“Well, people don’t look like ants from here. But,” Nadia started, “We are going to Rome. And we aren’t walking there.” Sarah shook her head. “You can’t walk to Rome, N.” “Well not Rome, Italy.” She pointed out the window just as the taxi stopped. “Rome, Tangier.” “There’s actually a Rome here?” Sarah scoffed in disbelief. “Benvenuto, signorina.”

Nadia did her best Italian accent, which dramatically failed and came out Indian. She took her sister’s hand and dragged her into a bakery called “The Italian.” Sarah giggled. What a coincidence! She took out her camera and took pictures of the paintings exposed inside. She took one of her. And one of Nadia’s back. Nadia ordered Italian bread and a box of cheese. “Come on,” Nadia smiled, “there’s a lot to do before sunset.”

The sisters visited a mart looking for fine Italian drinks but ended up buying apple juice. Sarah enjoyed it very much. Especially since they were running and all eyes were on them. They paid for the drinks but came back to buy cups and candles. Each holding a paper-bag, Nadia led the way. “We’re being Italian.” Nadia stopped. “But we forgot something.”

“What?” Sarah asked. Nadia grinned. “RUN! TO THE LEFT.” And they both started to run until their lungs gave out. “You’re insane.” Sarah whined. “I’m genius.” Nadia nodded over to a fountain. “What’s that?” Sarah asked. “You know the fountain in Rome,” Nadia talked fast, barely breathing. “Where people throw coins for luck?” “Trevi!” Sarah nodded. “Well, since we’re technically in Rome.” She put the bags aside, “This must be Trevi.” Sarah grinned, “Do you have a coin?” she asked but didn’t wait for an answer. “I’ll give you some.” Nadia was about to take them when her sister waived her hand away. “Turn your back to the fountain.”

She instructed. Nadia obliged. “Good. Now here,” she put the coin in her hand. “Don’t throw until I take pictures.” And Nadia did. And so did Sarah at her turn to throw the coin. At last, the girls picked up their groceries and were, once again, led by Nadia to God knows where. They walked for so long until Sarah felt like she was walking bare feet. “Are we there yet?” Sarah asked and for the thousandth time, Nadia answered the same way, “Almost.” The sun was beginning to set.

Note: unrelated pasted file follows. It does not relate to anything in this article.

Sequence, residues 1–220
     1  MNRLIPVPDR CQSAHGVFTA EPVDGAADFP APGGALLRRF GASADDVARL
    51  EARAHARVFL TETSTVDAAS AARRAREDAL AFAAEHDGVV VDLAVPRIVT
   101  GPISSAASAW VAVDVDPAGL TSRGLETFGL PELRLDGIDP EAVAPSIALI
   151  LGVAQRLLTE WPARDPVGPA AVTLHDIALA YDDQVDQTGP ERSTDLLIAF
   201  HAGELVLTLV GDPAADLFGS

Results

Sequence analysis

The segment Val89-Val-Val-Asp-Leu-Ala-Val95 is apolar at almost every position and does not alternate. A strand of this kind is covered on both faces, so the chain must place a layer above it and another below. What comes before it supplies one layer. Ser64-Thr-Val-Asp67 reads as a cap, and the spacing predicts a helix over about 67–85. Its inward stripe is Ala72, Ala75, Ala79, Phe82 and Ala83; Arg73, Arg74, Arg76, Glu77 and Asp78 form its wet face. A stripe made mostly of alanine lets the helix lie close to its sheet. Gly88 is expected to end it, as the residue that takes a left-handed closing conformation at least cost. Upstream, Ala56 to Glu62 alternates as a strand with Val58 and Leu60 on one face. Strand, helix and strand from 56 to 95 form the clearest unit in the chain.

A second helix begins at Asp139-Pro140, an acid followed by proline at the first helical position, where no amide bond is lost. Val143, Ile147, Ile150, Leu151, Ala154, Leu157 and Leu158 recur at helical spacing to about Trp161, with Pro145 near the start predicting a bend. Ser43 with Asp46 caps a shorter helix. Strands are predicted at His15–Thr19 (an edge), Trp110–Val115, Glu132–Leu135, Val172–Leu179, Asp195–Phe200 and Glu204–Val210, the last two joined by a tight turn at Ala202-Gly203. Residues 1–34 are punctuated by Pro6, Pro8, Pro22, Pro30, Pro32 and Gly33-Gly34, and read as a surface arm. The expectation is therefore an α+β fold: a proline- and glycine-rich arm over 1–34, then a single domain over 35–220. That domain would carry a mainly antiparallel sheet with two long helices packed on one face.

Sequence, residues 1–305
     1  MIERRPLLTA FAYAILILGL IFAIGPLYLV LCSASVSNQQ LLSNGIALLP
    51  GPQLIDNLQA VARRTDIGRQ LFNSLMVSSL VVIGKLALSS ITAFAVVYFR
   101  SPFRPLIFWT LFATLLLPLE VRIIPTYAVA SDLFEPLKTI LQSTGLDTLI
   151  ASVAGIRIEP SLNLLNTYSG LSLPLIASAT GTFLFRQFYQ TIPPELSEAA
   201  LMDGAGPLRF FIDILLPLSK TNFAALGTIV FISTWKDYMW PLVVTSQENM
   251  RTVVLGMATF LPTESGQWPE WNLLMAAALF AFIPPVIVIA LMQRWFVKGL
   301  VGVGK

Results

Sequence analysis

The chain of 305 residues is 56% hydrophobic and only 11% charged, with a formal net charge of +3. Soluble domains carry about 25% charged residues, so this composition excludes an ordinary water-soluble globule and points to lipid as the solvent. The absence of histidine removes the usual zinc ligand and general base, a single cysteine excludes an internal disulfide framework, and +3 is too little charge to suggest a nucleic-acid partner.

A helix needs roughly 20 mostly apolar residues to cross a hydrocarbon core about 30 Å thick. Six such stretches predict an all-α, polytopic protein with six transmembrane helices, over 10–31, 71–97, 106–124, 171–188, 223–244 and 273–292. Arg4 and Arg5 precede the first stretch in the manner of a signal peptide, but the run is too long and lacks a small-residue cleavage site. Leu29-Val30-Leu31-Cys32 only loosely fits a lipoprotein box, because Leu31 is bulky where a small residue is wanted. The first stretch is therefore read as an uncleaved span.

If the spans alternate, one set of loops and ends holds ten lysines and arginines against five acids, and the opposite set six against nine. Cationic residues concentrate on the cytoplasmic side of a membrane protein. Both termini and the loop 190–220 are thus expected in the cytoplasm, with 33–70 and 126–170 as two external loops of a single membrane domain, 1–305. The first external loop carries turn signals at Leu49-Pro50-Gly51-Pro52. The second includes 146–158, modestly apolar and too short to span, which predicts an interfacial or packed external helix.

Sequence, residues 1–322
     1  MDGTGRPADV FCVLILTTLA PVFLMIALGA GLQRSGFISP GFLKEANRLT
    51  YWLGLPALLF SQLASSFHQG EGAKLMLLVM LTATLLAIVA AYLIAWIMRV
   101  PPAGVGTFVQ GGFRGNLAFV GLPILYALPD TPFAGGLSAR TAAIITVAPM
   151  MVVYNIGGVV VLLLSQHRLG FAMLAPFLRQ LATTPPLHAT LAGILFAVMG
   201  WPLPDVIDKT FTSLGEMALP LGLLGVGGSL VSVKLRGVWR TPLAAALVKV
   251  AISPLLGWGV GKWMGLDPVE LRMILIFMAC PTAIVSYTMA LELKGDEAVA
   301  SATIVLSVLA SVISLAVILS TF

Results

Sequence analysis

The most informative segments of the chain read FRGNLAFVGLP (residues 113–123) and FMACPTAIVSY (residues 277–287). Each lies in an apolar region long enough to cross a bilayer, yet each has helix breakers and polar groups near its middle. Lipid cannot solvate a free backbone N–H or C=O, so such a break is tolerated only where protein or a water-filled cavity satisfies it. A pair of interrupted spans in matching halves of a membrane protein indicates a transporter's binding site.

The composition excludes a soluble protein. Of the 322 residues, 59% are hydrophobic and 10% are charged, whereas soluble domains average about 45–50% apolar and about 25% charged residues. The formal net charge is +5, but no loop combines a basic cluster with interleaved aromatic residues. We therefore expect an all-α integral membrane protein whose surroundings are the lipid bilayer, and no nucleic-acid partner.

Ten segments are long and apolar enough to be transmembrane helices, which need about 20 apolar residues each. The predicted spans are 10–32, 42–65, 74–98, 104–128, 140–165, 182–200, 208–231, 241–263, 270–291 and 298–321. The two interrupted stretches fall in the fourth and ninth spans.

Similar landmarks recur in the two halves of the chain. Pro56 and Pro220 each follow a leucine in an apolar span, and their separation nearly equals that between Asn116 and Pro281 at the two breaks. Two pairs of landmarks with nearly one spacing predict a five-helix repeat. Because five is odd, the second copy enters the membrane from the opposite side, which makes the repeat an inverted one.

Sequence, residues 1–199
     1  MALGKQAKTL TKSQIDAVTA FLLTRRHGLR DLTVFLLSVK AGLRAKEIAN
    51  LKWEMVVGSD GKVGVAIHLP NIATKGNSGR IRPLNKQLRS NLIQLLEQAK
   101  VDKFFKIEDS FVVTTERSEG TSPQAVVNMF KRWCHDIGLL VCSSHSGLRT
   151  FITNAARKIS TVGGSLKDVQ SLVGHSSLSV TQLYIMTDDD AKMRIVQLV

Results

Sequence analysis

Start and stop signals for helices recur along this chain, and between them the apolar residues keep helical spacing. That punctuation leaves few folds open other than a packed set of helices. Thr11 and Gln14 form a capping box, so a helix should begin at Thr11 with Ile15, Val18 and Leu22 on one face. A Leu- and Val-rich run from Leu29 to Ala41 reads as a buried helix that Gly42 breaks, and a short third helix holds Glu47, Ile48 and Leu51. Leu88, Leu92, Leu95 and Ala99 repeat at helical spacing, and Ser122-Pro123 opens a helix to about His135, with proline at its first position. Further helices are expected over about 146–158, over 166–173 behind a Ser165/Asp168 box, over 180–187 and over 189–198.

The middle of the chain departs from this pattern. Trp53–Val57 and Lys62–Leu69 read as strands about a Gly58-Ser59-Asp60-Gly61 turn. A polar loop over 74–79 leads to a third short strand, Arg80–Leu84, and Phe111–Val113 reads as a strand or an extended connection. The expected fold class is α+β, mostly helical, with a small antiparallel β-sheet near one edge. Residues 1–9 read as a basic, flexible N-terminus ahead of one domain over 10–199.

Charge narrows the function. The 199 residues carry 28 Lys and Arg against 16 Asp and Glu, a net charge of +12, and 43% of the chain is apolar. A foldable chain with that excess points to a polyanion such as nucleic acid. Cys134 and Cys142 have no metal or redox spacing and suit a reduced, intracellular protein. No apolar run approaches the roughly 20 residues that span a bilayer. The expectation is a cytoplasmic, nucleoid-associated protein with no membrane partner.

Sarah loved the spring air ruffling her hair and the red-colored clouds in the sky. She stopped and took pictures. Then Nadia pushed her into a building, both welcomed by warm air. They climbed up the stairs. “We’re here.”

Nadia opened the door. Sarah stepped in. The rooftop had an amazing view. Looking down, she could see the city slowly lighting up. Right in front of the building, there was, on top of a café, a set of letters lit in pink which used to glow ‘ROMA’ but with the years the ‘O’ and ‘A’ no longer lit and from afar the word was just ‘RM‘ From where Sarah stood, she could see the whole city. The sky was changing color from orange to pink, purple and dark blue then total darkness. Sarah watched the flickering lights below and up in the stars and moon. And all she could think about was how beautiful it was.

The view from up there made the hectic city and noises vanish into a silent cold darkness. “Let’s eat!” Sarah suggested as goose-bumps rose in her legs. They sat, putting cheese inside bread and pouring each other apple juice. Nadia lit up candles and joked, “Blow out one to make a wish. We still need light.”

There she was, on a chilly spring day, sitting next to her sister, celebrating a birthday in just another Rome.

“Happy birthday!” Nadia whispered to her sister who smiled, admiring the pitch-black sky dotted by glowing stars. “It is perfect.”